Remove any source of temptation (like trash, pet bowls, and other food stores) from your yard, or stash them in bear-resistant containers away from your coop.
Lock Doors and Windows at Night
Barrel bolts aren’t enough to keep deft little raccoon hands from gaining access into your coop. I have heard stories of their nimble fingers undoing multiple barrel bolts and other simple one-step locks! (Hey, they have all night to work on them…)
Personally, I only use them on interior doors to the nesting boxes and storage area.
On the exterior, I have gate latches and slide bolts on all of my doors and further secure them with carabiners (especially on the upper locks, which are more out of reach of critters). Spring links and quick links also work, but always make sure your quick links are properly tightened.
Even if you already have a barrel bolt on your door and haven’t run into any problems yet, I still recommend adding a second lock to the door. It only takes a few minutes and will turn your coop into Fort Knox.
If you need to thwart human predators (sadly, it happens — I will never understand what kind of person tries to steal chickens) or just want more peace of mind when you’re gone all day, padlocks are a better option.
Weather-resistant padlocks will offer the best performance in the long run, but any lock left around dusty chickens and out in the elements will start to get sticky (which means you will more likely be lazy about locking them each day).
Rather than replacing all of my locks when this happens, I like to use 3-IN-ONE® Lock Dry Lube to unstick them. A single can lasts a very long time, and can be used for other locks around the house, including door locks, bike locks, car door locks, and even the padlocks I put on my cooler when I camp in bear country. (I know, that last one sounds crazy, right?)
3-IN-ONE® Lock Dry Lube goes on as a liquid but dries to the touch in just a few minutes, so there’s no messy drips to deal with. It lubricates and loosens stuck locks and leaves a clear film that protects against corrosion.
And most importantly in outside applications, the formula doesn’t attract dirt (which can make locks gummy over time).
Don’t Wait Until Dark
If predators know there’s a potential meal to be had, they’re apt to linger until the last light. Round up your hens well before sundown and make sure they’re safely confined to their coop while there’s still some light left. (My own hens start roosting about half an hour before sunset.)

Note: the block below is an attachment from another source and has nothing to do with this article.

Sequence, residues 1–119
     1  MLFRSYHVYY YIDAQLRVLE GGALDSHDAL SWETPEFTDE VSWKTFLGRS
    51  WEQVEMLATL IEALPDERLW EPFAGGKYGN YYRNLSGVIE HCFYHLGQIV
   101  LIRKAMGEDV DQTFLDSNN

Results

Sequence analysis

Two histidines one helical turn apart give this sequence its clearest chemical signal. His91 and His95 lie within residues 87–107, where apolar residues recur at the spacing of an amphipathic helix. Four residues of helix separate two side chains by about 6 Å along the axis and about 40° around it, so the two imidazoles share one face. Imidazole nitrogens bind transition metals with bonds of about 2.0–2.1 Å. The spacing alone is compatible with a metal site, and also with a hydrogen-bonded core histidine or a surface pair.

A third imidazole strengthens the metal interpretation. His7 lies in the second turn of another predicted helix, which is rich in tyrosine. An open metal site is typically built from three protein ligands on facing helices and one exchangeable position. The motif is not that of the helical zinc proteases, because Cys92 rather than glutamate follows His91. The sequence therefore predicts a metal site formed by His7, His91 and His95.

In the same vein, let your flock out well after sunrise so they don’t run into predators that lurk at dawn.
Do a Head Count
Make sure all of your hens are accounted for when you lock them up for the night. Visually sweep the coop and run (with a flashlight, if necessary) to ensure no stragglers wandered in during the day (like feral cats or opossums, which has happened to me before!).
It’s also not uncommon for people to accidentally lock up a neighbor’s cat with their chickens, not realizing the cat was still inside.
Know Your Flock’s Distress Call
As a chicken-keeper, you should familiarize yourself with your flock’s normal behavior and sounds.
Learn to differentiate between their happy clucks, everyday squawks, and enthusiastic “egg song,” as I like to call it, from their frantic distress calls that warn of danger and predators.
While you can never fully protect your flock when they’re free-ranging, try to supervise them if you can, or be close enough that you can hear them and chase off predators when needed.
Inspect Your Coop and Run Regularly
Always check your coop and run for signs of damage, wear and tear, or attempted entry by predators. Reinforce or replace any component as needed to keep your structure secure. Even the most well-built coop and run can be infiltrated if a predator has enough time to weaken access points over a long period.
Most importantly, don’t overlook the small stuff. While most of our efforts may be focused on defending against predators like raccoons and hawks, mice and rats (and their droppings) can also pose a serious problem to a flock.
Seal off any gaps or small holes as soon as you find them, and discourage rodents from taking up residence in the first place by collecting eggs daily, storing feed properly, and cleaning up spills or scraps at the end of the day.